MP: That's an interesting point. I was asking a banker the other day if and when building resumes, will banks be loaning money for complex projects, like mixed-use transit oriented development, or will they go with the same old auto-oriented projects on the edge of town, which tend to be a lot easier. He said they'd be going with the easy stuff.

JC:
Good point. I hadn't thought much about that.

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Comments (5)

Incredible post, tying together so many substantive current events. So glad you're back and active at MinnPost, Steve!

MinnPost: Twenty months ago Rahm Emanuel (Obama's chief of staff) was telling us that a crisis was a terrible thing to waste and we assumed that the nation was on its way to a whole new approach on transportation. What happened?

Do you think that a time of CRISIS is the proper time to make an inteligent decision or is it the proper time TO JAM AN UNPOPULAR HOAX DOWN THE THROAT OF THE AMERICAN PUBLIC.

if you want to ride the train around - be my guest - but DO NOT FORCE ME TO GIVE UP MY CAR AND RIDE WITH YOU.

There is no global warming and there is no need to change from the energy source that has given us the highest standard of living in the history of mankind.

"There is no global warming..."

Don't anyone tell David about this Earth-goes-around-the-sun thing. He's just not ready yet.

The most important thing that a liberal needs to know in talking to conservatives about public transportation is not to use liberal arguments. You can’t argue for transit on the basis that the poor need it. Conservatives aren’t particularly interested in that. On the other hand, when you start talking about things like promoting and shaping economic development and redevelopment, that’s a big interest to conservatives. When you talk about offering transit that is of a quality that conservatives would actually want to use–which usually means rail transportation–they’re interested, because conservatives are just as tired as everybody else of sitting stuck in traffic.

There is nothing inherently liberal about trains or conservative about automobiles. It’s simply the way it’s broken out in this country. Because most conservatives tend to be rural or suburban, they have had less reason to ride a train of any sort than liberals, who tend to be more urban and concentrated on the two coasts, where you have a lot more rail service.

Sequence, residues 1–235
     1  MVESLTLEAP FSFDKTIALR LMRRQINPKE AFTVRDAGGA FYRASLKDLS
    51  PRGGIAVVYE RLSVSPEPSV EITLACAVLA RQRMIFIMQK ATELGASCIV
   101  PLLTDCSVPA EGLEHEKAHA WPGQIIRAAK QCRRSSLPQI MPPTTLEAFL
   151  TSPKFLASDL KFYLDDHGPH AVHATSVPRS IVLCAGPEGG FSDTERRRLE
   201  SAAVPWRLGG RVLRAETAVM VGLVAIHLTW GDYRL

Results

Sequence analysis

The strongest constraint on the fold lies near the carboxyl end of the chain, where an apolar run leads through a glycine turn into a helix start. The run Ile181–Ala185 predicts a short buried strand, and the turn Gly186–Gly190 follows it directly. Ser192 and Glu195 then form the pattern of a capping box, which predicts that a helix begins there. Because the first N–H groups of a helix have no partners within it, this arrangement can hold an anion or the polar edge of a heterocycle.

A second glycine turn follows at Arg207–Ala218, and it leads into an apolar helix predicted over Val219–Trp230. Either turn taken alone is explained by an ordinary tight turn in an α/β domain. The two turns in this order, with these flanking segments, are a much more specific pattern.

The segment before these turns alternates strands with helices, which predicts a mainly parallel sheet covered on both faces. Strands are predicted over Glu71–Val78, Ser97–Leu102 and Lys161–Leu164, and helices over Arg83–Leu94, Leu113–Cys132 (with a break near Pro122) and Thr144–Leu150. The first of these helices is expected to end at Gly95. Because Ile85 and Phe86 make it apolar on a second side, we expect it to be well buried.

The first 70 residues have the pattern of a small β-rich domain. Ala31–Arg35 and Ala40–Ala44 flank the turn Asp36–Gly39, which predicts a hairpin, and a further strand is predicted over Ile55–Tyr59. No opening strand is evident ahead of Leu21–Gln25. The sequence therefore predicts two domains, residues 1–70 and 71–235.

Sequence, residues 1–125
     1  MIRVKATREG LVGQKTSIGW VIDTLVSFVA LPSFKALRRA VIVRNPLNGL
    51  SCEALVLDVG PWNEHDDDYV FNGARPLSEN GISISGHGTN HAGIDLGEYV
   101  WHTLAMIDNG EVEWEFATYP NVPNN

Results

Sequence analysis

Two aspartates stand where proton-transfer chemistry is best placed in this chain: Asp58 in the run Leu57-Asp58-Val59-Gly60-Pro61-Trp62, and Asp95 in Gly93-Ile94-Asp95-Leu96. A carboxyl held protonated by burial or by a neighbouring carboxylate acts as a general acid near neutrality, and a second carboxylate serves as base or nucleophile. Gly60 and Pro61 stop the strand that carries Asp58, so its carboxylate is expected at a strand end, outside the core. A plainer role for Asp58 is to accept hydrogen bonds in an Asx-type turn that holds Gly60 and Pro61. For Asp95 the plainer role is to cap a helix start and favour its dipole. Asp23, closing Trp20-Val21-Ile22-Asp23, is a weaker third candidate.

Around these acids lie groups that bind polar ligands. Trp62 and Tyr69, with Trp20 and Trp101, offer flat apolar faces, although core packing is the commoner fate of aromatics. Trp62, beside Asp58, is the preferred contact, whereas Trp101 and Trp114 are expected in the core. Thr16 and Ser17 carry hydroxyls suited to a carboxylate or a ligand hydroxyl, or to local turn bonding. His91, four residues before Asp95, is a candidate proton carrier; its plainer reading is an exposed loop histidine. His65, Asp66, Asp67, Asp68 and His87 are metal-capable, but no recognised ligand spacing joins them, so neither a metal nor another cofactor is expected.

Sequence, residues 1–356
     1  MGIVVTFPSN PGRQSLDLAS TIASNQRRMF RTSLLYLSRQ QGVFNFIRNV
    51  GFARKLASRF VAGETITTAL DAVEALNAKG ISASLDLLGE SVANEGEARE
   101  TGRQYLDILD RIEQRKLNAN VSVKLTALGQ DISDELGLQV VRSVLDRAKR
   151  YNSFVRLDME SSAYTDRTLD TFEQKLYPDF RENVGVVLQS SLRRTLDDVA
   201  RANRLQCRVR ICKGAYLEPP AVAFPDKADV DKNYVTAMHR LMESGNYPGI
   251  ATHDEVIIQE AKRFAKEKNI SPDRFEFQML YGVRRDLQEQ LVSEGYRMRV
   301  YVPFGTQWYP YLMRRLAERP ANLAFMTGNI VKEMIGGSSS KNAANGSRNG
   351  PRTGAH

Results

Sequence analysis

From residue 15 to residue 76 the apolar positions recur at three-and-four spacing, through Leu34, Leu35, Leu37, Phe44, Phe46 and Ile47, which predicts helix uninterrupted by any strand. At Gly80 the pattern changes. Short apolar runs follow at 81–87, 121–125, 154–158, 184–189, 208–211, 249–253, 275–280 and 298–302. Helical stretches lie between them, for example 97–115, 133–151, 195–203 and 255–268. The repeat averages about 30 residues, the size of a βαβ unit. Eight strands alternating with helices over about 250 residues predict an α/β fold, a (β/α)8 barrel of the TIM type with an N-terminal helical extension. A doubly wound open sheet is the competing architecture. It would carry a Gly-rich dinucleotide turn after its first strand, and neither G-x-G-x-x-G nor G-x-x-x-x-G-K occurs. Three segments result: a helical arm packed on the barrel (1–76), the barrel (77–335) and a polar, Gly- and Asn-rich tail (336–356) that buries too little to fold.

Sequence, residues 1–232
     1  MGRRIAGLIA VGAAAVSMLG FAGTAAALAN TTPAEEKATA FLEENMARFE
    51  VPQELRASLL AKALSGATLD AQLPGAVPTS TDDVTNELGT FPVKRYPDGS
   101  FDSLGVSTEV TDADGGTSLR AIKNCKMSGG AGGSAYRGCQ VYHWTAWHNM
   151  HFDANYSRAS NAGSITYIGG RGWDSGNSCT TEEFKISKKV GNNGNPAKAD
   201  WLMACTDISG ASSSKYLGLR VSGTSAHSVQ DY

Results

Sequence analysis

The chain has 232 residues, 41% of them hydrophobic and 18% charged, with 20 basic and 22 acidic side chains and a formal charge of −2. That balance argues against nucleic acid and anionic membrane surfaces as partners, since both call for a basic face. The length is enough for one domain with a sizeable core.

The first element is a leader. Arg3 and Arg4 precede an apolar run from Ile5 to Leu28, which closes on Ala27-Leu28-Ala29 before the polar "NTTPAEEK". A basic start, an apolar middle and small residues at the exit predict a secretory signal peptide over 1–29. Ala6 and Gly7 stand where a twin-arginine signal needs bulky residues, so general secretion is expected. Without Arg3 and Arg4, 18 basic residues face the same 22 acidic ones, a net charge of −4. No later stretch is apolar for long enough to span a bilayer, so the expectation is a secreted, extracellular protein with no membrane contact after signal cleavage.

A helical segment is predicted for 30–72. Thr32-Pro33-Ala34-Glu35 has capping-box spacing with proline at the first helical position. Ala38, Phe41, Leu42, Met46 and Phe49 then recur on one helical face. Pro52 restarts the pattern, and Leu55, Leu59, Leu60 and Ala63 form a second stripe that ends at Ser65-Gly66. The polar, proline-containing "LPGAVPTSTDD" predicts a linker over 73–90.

The current dominance of roads is due to massive subsidization by government which through most of the twentieth century competed with privately owned, privately operated railways including streetcar systems that had to pay taxes. Every conservative understands very quickly what happens when you tax one mode and subsidize the other. The taxed mode disappears and the subsidized mode becomes dominant. Nothing about our current imbalance in transportation is a free market outcome. Not in the slightest.

The notion that the gas tax covers all highway expenses is a notion that will send any state Governor into fits of laughter. The highways require enormous support, local state and federal, that goes well beyond what gas taxes bring in. So it’s not a question of a subsidized mode versus an unsubsidized mode.

What should be done and what should have been done in the seventies is that the gas tax should be designed so that the price of gas goes up a predictable amount every year.

Not only have roads and driving benefited from huge government subsidies, as Richard Schulze says, a big part of the U.S. economy has grown up around the Interstate interchanges. There would be no fast-food industry, no big-box retail, no office park proliferation without that subsidy. Think of the transportation options we might have had if, in 1956, Congress had levied a small real estate tax on businesses benefiting from the new freeway system and dedicated it to the "rebalancing" of the transportation marketplace. No one I know advocates "forcing" David Granneman or anyone to give up cars to ride trains. They just want a more even playing field so that consumers can fairly choose.